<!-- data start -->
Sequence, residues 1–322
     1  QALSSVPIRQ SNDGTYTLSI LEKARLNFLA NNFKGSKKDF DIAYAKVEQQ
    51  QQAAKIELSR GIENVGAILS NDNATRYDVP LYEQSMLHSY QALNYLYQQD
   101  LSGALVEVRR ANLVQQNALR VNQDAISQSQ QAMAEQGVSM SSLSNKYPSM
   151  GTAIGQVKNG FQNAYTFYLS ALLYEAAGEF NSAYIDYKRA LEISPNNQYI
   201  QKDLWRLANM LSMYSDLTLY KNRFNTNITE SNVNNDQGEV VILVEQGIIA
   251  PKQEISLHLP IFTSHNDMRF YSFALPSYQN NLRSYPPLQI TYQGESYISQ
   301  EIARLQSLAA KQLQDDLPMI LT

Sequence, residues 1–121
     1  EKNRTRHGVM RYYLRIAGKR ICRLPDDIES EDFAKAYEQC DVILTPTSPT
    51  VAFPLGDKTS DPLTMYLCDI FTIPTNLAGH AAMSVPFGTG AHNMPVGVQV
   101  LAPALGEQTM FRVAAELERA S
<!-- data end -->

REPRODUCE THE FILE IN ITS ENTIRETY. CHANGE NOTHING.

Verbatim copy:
Sequence, residues 1–322
     1  QALSSVPIRQ SNDGTYTLSI LEKARLNFLA NNFKGSKKDF DIAYAKVEQQ
    51  QQAAKIELSR GIENVGAILS NDNATRYDVP LYEQSMLHSY QALNYLYQQD
   101  LSGALVEVRR ANLVQQNALR VNQDAISQSQ QAMAEQGVSM SSLSNKYPSM
   151  GTAIGQVKNG FQNAYTFYLS ALLYEAAGEF NSAYIDYKRA LEISPNNQYI
   201  QKDLWRLANM LSMYSDLTLY KNRFNTNITE SNVNNDQGEV VILVEQGIIA
   251  PKQEISLHLP IFTSHNDMRF YSFALPSYQN NLRSYPPLQI TYQGESYISQ
   301  EIARLQSLAA KQLQDDLPMI LT

Sequence, residues 1–121
     1  EKNRTRHGVM RYYLRIAGKR ICRLPDDIES EDFAKAYEQC DVILTPTSPT
    51  VAFPLGDKTS DPLTMYLCDI FTIPTNLAGH AAMSVPFGTG AHNMPVGVQV
   101  LAPALGEQTM FRVAAELERA S